Senators’ Alfredsson Skates, Says He’s Game-Time Decision Against Rangers
OTTAWA (WFAN/AP) — Daniel Alfredsson has confirmed he sustained a concussion in Game 2 of Ottawa’s playoff series with New York when Rangers forward Carl Hagelin elbowed him in the head.
However, the Senators captain participated in Monday’s morning skate and said he’s a game-time decision for Game 3.
“I felt good this morning, the next step was to skate,” Alfredsson said. “Every situation is different. You take it as it comes. You can’t force something like this. I find if I go with the flow, relax, the less stress you put on yourself, the more you help yourself.”
Alfredsson missed more than half of Ottawa’s series-tying victory Saturday following the hit from Hagelin. On Sunday, Hagelin was suspended three games by NHL disciplinarian Brendan Shanahan.
The Rangers, though “perplexed” by the decision, announced they had no plans to fight Hagelin’s ban.
Blueshirts fans were livid that Senators enforcer Matt Carkner was dealt a mere one-game suspension for starting Saturday’s one-sided fight against Brian Boyle. Not to mention Nashville defenseman Shea Weber received only a $2,500 fine for crunching the head of Detroit’s Henrik Zetterberg into the glass in Game 1 of Predators-Red Wings.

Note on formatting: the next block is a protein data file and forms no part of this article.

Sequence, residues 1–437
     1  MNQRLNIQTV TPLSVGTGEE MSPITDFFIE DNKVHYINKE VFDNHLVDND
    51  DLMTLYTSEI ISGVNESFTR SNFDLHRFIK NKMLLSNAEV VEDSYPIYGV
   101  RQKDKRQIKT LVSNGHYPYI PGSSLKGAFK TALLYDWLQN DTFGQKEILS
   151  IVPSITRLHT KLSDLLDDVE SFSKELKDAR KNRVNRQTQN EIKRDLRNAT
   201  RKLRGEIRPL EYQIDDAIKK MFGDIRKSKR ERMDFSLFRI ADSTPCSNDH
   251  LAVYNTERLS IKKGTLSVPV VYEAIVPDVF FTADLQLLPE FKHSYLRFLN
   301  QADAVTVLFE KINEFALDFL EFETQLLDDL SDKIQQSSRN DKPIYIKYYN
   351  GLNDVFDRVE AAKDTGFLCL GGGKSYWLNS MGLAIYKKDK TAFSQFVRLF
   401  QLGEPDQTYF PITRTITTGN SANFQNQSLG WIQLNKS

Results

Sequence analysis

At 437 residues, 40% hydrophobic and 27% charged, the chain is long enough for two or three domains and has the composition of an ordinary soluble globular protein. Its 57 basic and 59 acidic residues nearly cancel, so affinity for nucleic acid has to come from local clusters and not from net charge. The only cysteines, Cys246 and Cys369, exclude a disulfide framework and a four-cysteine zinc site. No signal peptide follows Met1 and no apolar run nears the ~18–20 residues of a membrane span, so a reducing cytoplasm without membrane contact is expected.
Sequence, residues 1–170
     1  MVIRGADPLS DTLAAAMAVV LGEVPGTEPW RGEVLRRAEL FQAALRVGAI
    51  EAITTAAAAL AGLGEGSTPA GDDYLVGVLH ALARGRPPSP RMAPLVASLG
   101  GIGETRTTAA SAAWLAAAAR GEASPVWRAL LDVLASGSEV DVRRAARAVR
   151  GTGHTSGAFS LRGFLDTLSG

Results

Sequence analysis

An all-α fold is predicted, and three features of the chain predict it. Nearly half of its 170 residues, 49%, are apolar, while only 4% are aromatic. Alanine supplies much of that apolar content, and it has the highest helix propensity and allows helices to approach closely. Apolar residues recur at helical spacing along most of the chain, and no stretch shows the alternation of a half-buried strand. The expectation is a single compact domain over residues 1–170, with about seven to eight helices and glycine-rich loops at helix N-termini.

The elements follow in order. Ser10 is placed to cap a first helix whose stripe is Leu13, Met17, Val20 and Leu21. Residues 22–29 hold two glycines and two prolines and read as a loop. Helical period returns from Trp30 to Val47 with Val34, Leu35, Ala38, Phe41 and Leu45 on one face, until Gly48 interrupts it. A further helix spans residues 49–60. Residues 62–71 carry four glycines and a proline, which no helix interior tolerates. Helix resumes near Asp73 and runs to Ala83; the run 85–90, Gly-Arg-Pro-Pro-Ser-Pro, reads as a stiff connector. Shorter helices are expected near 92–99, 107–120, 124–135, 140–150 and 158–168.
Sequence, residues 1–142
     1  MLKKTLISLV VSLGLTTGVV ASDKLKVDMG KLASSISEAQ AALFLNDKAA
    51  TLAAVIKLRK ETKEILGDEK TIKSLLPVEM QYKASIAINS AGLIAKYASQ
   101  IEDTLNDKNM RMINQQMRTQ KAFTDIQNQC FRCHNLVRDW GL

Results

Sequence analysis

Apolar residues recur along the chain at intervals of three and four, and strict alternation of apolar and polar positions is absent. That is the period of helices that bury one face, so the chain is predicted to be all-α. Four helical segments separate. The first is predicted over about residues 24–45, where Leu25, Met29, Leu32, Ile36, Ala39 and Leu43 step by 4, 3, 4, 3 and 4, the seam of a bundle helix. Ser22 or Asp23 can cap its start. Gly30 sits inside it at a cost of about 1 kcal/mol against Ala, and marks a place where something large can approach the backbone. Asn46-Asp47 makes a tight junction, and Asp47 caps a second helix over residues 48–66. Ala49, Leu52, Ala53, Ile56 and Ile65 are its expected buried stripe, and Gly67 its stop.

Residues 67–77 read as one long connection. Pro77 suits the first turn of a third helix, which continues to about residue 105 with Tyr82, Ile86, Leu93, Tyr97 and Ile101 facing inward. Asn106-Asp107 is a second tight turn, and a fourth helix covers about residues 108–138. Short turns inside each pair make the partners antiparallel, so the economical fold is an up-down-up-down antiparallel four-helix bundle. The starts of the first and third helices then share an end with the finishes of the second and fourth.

“The biggest difference between the two plays is there’s the head injury and concussion on one,” Shanahan told WFAN’s Boomer & Carton on Monday, “and there’s no injury on the other.”
Alfredsson said he accepted an apology from Hagelin after the incident. Hagelin also is Swedish and has said Alfredsson was one of his favorite players while growing up.
Rangers coach John Tortorella wasn’t willing to discuss Alfredsson.
“I’m not going to answer questions about the other team,” he said.
Rangers fans, how will you react if Alfredsson plays Monday night? Sound off below…
(TM and Copyright 2012 CBS Radio Inc. and its relevant subsidiaries. CBS RADIO and EYE Logo TM and Copyright 2011 CBS Broadcasting Inc. Used under license. All Rights Reserved. This material may not be published, broadcast, rewritten, or redistributed. The Associated Press contributed to this report.)